The Secret History of the Pink Carnation

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Before I start in on the real review, may I first say, who in the world is attracted to books with ridiculous covers like this?!  I am super sick of book covers featuring porcelain-skinned ladies from another century.  Even when the plot sounds mildly interesting, covers like this make me think “I’m going to be embarrassed reading this in public!”  I would have preferred a nice carnation instead.

But I digress…

The Secret History of the Pink Carnation by Lauren Willig begins with Harvard graduate student, Eloise, pursuing a subject for her dissertation in England.  Recently separated from a cheating boyfriend, she seeks refuge in trying to find the true identity of an early 19th century spy, the Pink Carnation, of whom she has been secretly fantasizing about in her post-break-up haze.  The Pink Carnation is famous for infiltrating Napoleon’s court and in order to discover his name Eloise tracks down the records of another famous spy, the Purple Gentian.

A new novel thus begins within this one, as we become voyeurs (almost literally) to Amy Balcourt and her hunt for the Purple Gentian.  Amy and her cousin Jane have been enraptured with espionage since childhood, and now are off to France to do some spying of their own.  On their way Amy meets a young man who, unbeknown to her, is the Purple Gentian, and so sets off a strange love triangle between two people.

Along the way we break back into Eloise story, as the documents owner’s nephew Colin tries to stop Amy from discovering the family secret of the Pink Carnation.  And of course Colin is as equally attractive as he is maddening.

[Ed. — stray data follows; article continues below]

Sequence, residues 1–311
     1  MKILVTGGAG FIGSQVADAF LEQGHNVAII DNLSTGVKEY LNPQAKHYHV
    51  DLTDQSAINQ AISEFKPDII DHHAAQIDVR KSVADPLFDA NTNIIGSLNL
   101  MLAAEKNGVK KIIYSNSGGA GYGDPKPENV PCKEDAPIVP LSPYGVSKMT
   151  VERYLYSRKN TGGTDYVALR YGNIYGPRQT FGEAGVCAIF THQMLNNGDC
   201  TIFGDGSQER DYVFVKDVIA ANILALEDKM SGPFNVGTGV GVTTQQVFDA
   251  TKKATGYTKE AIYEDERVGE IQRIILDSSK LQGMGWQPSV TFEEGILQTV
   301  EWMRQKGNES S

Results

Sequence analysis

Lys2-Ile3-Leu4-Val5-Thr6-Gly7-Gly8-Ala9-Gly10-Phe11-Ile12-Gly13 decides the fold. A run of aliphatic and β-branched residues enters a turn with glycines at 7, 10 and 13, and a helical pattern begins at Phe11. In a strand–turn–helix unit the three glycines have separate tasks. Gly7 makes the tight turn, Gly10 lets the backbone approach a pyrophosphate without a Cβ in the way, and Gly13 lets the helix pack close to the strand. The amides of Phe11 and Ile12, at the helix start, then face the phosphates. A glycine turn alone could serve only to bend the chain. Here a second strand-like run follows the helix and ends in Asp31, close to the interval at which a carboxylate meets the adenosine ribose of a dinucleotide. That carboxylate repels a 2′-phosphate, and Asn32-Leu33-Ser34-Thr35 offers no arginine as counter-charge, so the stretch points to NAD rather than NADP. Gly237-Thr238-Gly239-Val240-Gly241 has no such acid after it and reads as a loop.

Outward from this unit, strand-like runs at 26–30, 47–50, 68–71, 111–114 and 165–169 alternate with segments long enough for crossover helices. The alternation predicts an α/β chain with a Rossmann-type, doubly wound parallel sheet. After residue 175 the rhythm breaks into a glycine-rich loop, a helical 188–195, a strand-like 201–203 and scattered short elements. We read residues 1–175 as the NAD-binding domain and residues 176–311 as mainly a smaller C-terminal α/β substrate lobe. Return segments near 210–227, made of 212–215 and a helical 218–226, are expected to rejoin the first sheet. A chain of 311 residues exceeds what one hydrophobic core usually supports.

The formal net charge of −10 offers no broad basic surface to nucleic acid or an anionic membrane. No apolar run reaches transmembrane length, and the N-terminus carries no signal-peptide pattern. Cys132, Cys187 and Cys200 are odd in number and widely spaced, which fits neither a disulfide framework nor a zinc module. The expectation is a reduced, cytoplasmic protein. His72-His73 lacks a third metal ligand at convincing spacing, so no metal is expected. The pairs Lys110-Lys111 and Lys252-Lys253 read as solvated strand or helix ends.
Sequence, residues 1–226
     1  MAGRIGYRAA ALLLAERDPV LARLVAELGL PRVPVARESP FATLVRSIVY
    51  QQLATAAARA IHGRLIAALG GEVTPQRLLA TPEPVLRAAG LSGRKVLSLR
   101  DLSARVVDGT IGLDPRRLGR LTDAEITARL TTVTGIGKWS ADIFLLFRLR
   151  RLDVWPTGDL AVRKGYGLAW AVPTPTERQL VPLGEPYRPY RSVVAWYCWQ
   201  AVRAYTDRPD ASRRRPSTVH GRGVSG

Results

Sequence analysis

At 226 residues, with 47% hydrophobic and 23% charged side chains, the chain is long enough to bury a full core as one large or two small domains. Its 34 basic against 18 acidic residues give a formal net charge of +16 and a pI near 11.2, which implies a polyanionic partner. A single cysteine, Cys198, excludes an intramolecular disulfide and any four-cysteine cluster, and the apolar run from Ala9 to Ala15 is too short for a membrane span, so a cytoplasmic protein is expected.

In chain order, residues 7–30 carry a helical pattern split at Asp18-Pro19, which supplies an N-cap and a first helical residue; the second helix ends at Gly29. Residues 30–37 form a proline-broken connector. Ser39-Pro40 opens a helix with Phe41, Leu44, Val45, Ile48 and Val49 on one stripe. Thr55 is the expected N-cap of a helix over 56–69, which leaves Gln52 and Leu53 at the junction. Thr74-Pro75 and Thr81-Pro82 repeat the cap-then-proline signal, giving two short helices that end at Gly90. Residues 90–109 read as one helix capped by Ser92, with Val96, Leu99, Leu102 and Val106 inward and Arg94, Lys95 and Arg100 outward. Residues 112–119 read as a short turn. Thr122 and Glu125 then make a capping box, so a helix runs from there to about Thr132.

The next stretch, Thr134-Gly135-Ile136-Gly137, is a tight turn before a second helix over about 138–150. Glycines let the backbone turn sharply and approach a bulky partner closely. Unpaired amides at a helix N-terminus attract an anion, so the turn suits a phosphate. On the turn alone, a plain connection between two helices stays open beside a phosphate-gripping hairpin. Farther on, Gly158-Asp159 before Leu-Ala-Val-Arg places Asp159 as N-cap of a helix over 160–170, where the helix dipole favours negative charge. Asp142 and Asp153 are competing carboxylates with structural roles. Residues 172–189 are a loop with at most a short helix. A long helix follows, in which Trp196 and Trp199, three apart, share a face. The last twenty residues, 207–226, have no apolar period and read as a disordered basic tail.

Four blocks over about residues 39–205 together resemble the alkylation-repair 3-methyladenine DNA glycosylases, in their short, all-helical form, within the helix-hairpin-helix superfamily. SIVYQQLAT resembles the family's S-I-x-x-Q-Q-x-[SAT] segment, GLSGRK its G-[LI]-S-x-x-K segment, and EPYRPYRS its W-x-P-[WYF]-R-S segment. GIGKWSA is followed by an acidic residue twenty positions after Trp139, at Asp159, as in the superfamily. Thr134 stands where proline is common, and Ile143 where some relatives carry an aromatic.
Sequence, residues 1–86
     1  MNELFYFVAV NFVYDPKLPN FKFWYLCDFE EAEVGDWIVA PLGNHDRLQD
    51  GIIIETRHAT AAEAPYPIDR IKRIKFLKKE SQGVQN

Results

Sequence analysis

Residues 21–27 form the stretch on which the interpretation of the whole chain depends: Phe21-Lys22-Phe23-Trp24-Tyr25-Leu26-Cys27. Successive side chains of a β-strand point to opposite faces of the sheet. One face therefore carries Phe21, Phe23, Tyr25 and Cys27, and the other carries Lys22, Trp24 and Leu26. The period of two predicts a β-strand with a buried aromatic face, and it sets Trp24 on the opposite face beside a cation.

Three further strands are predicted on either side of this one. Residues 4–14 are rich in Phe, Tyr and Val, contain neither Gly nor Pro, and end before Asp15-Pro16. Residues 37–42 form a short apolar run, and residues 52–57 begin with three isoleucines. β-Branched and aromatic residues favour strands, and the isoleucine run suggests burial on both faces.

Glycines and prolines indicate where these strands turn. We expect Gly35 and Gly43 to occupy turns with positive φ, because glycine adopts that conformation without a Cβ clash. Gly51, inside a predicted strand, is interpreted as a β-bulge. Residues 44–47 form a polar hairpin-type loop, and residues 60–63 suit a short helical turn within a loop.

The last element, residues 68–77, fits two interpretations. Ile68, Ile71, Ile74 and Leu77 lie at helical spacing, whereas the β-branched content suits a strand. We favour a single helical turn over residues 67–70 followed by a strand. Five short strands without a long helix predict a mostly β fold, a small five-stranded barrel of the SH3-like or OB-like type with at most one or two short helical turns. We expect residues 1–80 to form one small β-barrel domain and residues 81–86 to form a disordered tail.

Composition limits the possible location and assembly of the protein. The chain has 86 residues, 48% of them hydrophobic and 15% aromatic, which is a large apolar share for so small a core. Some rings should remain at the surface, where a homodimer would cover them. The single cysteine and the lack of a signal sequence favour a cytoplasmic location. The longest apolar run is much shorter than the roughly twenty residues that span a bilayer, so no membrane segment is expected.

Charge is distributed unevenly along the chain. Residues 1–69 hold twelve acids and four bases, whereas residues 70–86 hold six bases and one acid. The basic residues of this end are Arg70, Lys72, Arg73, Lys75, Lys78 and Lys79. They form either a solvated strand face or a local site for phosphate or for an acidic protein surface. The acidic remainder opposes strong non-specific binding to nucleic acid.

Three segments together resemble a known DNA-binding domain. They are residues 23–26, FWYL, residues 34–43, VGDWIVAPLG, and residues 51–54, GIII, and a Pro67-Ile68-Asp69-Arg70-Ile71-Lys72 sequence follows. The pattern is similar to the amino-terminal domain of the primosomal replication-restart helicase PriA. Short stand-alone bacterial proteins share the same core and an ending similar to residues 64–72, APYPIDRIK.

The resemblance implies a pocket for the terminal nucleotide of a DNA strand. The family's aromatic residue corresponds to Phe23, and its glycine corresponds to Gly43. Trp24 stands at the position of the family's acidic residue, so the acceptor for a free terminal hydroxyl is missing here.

Eloise took FOREVER to figure out who the Pink Carnation was.  Isn’t a Harvard scholar supposed to be brighter than this?  Despite that fact, I actually enjoyed the character Eloise more than 19th century Amy, who is much too flighty to have a whole story built around.  There was a little to much “romance” (read: bodice-ripping ridiculousness) and not enough adventure, excitiment, and intrigue!  Although, what should I have expected with a cover like that…

3/5


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2 Responses to The Secret History of the Pink Carnation

  1. Elenía says:

    I totally agree with the cover issue… it can be VERY embarrasing… BTW it seems to be a good book. Maybe I should give it a try 🙂

    Thanks

  2. Pingback: The Masque of the Black Tulip « Sadie-Jean’s Book Blog

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